5. All People with Autism are Alike
Some people believe that all autistic people behave the same. This is not true and cannot be proven scientifically. The diagnosis, severity and treatment of autism vary from one person to another. Autistic girls may show different symptoms from autistic boys. Children with autism on the other hand, may behave differently from adults with autism. Treatment options are also different based on the severity and financial capabilities of parents with autistic girls.
Effect of Race on Diagnosis
Today, it is widely known that there exist inequalities in our society along racial and ethnic lines particularly in areas such as education and household income. This inequality predictably affects the diagnosis and treatment of autism among children from Black communities. Research conducted in the past shows that Black children are more likely than white children to experience undiagnosed autism, meaning that they almost certainly have their autism diagnosed later.
Autistic Girls are Often Overlooked
Today, more boys than girls are diagnosed on the autism spectrum. This means that while race already puts Black girls in a disadvantaged position, gender also makes diagnosis difficult. Often, researchers blame genetic differences for autistic girls who are simply missed. This is to say that even when a girl presents symptoms of autism, she can be overlooked. One reason for this is that girls, and especially Black girls, do not fit the autistic “model.” The classic autism diagnosis model that relies on deficits in communication and social skills, according to some researchers, has turned out to be a male model. As such, while a girl may fit this model, it is often thought that girls naturally have a quieter presentation. This stereotype may, therefore, get in the way of recognizing challenges with social skills.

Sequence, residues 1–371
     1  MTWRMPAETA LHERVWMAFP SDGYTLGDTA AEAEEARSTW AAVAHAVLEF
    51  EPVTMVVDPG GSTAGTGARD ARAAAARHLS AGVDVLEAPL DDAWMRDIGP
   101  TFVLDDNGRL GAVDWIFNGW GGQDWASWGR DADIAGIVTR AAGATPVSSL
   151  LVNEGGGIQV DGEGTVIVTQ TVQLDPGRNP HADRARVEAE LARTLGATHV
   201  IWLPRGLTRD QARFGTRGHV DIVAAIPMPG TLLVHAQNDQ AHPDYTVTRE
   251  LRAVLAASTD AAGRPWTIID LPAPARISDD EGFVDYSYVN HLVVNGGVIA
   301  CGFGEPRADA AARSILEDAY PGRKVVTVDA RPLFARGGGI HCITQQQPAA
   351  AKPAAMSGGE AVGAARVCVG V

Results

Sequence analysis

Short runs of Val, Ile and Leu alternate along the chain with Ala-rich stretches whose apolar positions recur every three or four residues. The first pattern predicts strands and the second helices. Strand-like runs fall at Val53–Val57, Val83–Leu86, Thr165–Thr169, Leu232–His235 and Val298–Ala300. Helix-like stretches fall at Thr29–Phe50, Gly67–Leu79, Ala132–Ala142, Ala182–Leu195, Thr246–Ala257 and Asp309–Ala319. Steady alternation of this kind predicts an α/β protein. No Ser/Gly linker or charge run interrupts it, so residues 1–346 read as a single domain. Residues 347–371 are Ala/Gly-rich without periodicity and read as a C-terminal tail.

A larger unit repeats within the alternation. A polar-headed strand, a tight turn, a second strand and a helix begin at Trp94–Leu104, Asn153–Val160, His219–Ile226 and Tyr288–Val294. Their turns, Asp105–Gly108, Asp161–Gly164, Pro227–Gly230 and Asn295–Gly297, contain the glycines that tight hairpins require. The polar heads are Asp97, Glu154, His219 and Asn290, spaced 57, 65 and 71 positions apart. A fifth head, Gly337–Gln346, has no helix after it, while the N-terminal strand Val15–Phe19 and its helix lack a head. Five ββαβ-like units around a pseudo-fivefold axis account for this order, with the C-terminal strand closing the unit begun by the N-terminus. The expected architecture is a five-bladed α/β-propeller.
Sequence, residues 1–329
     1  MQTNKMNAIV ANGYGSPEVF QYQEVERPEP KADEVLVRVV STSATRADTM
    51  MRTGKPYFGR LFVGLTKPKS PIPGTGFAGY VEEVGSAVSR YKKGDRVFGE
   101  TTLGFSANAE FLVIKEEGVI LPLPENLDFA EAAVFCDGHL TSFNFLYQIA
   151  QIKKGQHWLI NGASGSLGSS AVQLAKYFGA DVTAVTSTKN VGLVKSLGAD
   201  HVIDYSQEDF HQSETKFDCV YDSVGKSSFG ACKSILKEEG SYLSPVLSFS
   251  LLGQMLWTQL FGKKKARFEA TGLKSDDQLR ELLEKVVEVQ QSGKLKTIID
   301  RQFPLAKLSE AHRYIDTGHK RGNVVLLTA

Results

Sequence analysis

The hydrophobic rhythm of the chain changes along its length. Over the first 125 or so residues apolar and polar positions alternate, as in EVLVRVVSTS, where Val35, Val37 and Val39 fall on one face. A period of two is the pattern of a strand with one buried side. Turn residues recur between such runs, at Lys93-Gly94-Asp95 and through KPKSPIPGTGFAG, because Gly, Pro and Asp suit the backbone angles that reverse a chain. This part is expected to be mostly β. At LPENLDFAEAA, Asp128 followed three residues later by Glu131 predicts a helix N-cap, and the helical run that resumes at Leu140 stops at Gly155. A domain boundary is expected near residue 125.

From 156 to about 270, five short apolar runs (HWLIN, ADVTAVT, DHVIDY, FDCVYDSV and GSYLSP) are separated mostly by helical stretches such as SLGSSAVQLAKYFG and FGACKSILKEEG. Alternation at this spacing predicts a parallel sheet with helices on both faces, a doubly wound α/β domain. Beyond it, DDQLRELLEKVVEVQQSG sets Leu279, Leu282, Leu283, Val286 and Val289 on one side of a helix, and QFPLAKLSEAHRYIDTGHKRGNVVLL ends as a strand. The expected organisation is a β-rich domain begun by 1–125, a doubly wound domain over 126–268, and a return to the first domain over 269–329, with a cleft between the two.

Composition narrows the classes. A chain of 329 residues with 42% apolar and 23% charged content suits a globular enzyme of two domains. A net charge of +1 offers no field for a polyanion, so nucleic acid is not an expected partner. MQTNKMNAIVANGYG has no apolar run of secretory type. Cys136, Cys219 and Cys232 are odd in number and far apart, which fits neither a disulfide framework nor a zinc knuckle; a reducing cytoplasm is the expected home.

Social and Emotional Effects on the Girls
It could be particularly challenging for a Black girl to live with autism especially when frustrations may cause one to be labeled an “angry black woman.” Such racial stereotypes can make the life for a black girl with autism extremely difficult. The inability to socialize easily could make one appear inflexible or naïve. Being assertive, on the other hand, could lead to one being perceived as aggressive. Black autistic girls may miss out on opportunities in school, at work and in the community. Learning may also be hindered due to lack of finances to access special schools for autistic children.